A Mike Pence impersonator named Mike Hot-Pence raised more than $1,500 for Planned Parenthood Advocates of Indiana and Kentucky on June 7 in Indianapolis.
Mike Hot-Pence is an impersonator who wears a suit jacket, tie and short shorts to collect money for causes related to LGBT rights, the environment, refugee support and women’s rights.
He spent time at an event June 7 on Monument Circle in downtown Indianapolis to celebrate the birthday of the former Indiana governor and current vice president’.
Participants were able to visit Monument Circle to take pictures with Mike Hot-Pence and express their support for Planned Parenthood in Indiana.
“Planned Parenthood is under attack, and on Mike Pence’s birthday our present to him is a strong showing of support for health care and for Planned Parenthood,” said Wanda Savala, the public affairs manager at Planned Parenthood Advocates of Indiana and Kentucky, in a press release.
The group is an organization that works as the advocacy and political arm of Planned Parenthood of Indiana and Kentucky.
They invited Mike Hot-Pence out to Indianapolis for the tongue-in-cheek celebration of the vice president’s birthday, said Ali Slocum, the group’s communication and marketing director.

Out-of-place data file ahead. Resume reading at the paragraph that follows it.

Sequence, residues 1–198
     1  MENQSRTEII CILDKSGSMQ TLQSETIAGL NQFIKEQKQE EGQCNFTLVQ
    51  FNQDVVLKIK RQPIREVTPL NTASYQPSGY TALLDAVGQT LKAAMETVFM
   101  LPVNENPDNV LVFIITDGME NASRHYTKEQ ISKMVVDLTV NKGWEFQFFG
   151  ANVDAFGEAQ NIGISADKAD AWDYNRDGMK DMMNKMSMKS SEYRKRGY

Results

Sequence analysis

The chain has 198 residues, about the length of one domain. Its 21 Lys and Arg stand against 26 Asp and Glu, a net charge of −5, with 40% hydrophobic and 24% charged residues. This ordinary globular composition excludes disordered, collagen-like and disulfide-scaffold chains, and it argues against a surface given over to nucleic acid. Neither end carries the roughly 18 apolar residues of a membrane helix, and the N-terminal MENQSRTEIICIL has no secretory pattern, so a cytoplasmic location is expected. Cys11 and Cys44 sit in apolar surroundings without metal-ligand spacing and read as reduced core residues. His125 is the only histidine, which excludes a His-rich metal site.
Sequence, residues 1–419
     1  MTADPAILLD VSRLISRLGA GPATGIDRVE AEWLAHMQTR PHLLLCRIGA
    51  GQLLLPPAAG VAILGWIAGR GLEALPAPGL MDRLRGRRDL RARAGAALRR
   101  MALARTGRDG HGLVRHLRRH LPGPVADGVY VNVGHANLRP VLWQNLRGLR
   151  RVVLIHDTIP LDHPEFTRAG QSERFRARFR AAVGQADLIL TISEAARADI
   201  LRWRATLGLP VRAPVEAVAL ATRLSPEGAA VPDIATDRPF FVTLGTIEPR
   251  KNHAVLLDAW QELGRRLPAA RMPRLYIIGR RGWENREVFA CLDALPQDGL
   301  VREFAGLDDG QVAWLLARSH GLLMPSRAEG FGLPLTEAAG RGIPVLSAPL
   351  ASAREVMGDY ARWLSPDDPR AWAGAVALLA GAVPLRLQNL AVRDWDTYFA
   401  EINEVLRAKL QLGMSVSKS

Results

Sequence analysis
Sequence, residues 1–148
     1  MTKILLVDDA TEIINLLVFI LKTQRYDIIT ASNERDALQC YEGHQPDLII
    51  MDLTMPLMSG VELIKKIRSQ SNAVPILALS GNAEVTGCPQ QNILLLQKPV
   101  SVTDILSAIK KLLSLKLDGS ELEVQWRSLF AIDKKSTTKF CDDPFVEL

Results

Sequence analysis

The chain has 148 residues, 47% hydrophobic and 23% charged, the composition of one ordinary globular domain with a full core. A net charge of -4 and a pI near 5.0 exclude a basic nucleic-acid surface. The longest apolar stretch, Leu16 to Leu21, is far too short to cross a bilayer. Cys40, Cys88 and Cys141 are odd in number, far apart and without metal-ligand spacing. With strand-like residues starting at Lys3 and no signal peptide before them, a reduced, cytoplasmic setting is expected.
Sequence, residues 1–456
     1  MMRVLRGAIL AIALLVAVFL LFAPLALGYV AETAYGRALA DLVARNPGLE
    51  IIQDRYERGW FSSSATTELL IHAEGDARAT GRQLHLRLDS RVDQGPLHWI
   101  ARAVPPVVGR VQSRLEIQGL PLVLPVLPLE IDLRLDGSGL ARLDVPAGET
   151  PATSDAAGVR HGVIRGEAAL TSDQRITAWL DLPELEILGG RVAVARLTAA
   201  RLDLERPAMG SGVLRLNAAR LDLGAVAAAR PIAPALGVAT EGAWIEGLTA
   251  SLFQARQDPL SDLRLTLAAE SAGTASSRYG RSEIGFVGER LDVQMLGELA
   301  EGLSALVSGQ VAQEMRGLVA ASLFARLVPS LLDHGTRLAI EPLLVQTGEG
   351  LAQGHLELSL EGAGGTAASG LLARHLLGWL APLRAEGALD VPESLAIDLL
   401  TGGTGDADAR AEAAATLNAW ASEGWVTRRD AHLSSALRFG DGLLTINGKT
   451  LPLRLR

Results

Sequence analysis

Hot-Pence lives in New York City and has been raising money in Times Square since October. Since he started, he’s raised more than $15,000 for multiple causes.
At the event in Indianapolis, he raised $1,505 in an hour and a half, which is about 10 percent of his total earnings.
According to his Twitter page, it was his personal best.
“The money will go toward advocacy work to make sure that Indiana men and women have access to health care and retain their rights,” Slocum said.
Hot-Pence can typically be seen in New York’s Times Square and has accumulated more than 3,000 Twitter followers and 5,500 Facebook followers.
Slocum said hundreds of people came out to the event to support the cause and eat cupcakes provided by local Indianapolis bakery the Flying Cupcake.
After the event was broadcasted at the noon hour on Indianapolis news channels, people drove to Monument Circle just to donate during their lunch hours, many people from their car windows, Slocum said.